Have you heard ‘Supermoon’ a lot recently? What is it really? Get the facts for Monday’s Supermoon! The Moon won’t be this super again for 18 years–although we all think it’s super all the time. #Supermoon2016 #SupermoonNovember2016 Resources: NASA and TimeandDate #KtSeery #SupermoonMan
Here’s your latest issue of What’s New? Your Monthly Astronomy News. #KtSeery #WhatsNew For more information on these stories: Uranus moons: http://www.nasa.gov/feature/jpl/uranus-may-have-two-undiscovered-moons Juno Jupiter: http://www.nasa.gov/image-feature/jpl/pia21107/juno-s-first-slice-of-jupiter MAVEN Mars in UV: http://www.nasa.gov/press-release/goddard/2016/maven-uv-mars MAVEN water escaping: http://www.nasa.gov/feature/goddard/2016/maven-observes-ups-and-downs-of-water-escape-from-mars Heartbeat stars: http://www.nasa.gov/feature/jpl/heartbeat-stars-unlocked-in-new-study Mars’ Spiders: http://www.nasa.gov/feature/citizen-scientists-seek-south-pole-spiders-on-mars Here’s your latest issue of What’s Up Tonight? Interesting Astronomy Objects this month! #KtSeery […]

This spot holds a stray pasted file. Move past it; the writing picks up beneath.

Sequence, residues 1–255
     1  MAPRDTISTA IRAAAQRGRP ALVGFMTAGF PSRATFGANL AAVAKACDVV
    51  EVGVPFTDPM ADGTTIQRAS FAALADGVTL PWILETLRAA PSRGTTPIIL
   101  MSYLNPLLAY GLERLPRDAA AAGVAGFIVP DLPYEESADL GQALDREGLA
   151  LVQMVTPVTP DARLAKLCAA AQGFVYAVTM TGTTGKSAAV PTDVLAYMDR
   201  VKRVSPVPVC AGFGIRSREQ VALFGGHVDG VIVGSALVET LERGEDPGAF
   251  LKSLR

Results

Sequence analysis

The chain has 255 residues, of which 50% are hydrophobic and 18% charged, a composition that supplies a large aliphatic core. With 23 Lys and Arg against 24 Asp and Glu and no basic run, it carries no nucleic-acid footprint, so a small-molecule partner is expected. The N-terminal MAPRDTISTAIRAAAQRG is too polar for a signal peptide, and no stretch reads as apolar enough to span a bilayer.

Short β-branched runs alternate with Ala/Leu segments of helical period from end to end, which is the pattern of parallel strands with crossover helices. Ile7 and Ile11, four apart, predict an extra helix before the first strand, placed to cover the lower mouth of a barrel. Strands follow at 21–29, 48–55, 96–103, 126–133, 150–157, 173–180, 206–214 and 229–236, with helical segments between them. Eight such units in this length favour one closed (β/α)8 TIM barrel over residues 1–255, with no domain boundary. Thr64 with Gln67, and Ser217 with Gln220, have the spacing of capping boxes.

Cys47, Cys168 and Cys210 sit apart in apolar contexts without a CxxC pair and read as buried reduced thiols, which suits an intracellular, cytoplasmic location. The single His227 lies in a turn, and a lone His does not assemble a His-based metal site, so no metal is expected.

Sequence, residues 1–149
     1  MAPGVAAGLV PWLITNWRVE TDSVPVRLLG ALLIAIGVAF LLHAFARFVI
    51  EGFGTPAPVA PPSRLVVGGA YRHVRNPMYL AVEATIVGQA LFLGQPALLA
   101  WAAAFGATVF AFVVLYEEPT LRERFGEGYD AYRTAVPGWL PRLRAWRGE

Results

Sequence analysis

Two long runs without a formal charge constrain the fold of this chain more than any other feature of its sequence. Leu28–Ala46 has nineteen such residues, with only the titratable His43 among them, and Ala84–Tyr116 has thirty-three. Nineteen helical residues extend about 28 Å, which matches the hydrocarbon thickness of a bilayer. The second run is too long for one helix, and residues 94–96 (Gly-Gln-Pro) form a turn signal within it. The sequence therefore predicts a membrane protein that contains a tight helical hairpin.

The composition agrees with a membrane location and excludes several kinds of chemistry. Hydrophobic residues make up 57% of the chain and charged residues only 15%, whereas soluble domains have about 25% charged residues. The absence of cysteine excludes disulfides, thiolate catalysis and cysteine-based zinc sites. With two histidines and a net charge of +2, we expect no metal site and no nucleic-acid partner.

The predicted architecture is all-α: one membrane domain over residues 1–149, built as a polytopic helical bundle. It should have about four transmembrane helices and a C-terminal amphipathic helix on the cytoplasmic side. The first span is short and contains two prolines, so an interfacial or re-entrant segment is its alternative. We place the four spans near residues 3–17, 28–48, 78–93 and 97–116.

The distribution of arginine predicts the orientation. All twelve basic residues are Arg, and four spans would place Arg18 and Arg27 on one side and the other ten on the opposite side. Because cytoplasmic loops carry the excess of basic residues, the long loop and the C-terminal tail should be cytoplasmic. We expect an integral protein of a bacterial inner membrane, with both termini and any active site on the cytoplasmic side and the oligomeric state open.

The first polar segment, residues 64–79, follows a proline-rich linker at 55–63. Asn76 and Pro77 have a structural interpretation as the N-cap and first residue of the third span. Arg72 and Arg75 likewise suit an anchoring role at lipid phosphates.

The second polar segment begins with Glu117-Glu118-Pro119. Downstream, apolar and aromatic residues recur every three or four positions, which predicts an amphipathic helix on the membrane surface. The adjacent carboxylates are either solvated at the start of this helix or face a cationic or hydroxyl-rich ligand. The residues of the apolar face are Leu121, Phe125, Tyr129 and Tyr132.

This year is an ‘outburst’ year for the Perseid Meteor Shower. What does that mean? Where should you look? What are meteors? Read on below and enjoy some meteors!
Here’s your latest issue of What’s New? Your Monthly Astronomy News. #KtSeery #WhatsNew For more information on these stories: First Juno view of Jupiter: http://www.nasa.gov/feature/jpl/nasa-s-juno-spacecraft-sends-first-in-orbit-view Exoplanet with 3 suns: http://www.nasa.gov/feature/goddard/2016/newly-discovered-planet-has-3-suns Young star with large growth: http://www.nasa.gov/feature/jpl/loneliest-young-star-seen-by-spitzer-and-wise Jupiter’s great red spot hot: http://www.nasa.gov/feature/jupiter-s-great-red-spot-likely-a-massive-heat-source Violent stellar merger: http://www.nasa.gov/mission_pages/chandra/chandra-finds-evidence-for-violent-stellar-merger.html Mars’ Canyons and water: http://www.nasa.gov/feature/jpl/mars-canyons-study-adds-clues-about-possible-water Here’s your latest issue of […]
This infographic from Luke Kingman at Futurism tells the story of Margaret Hamilton, one of the world’s first software engineers. Her code saved the Apollo 11 mission on July 20, 1969. Visit Futurism.com here to see the whole work!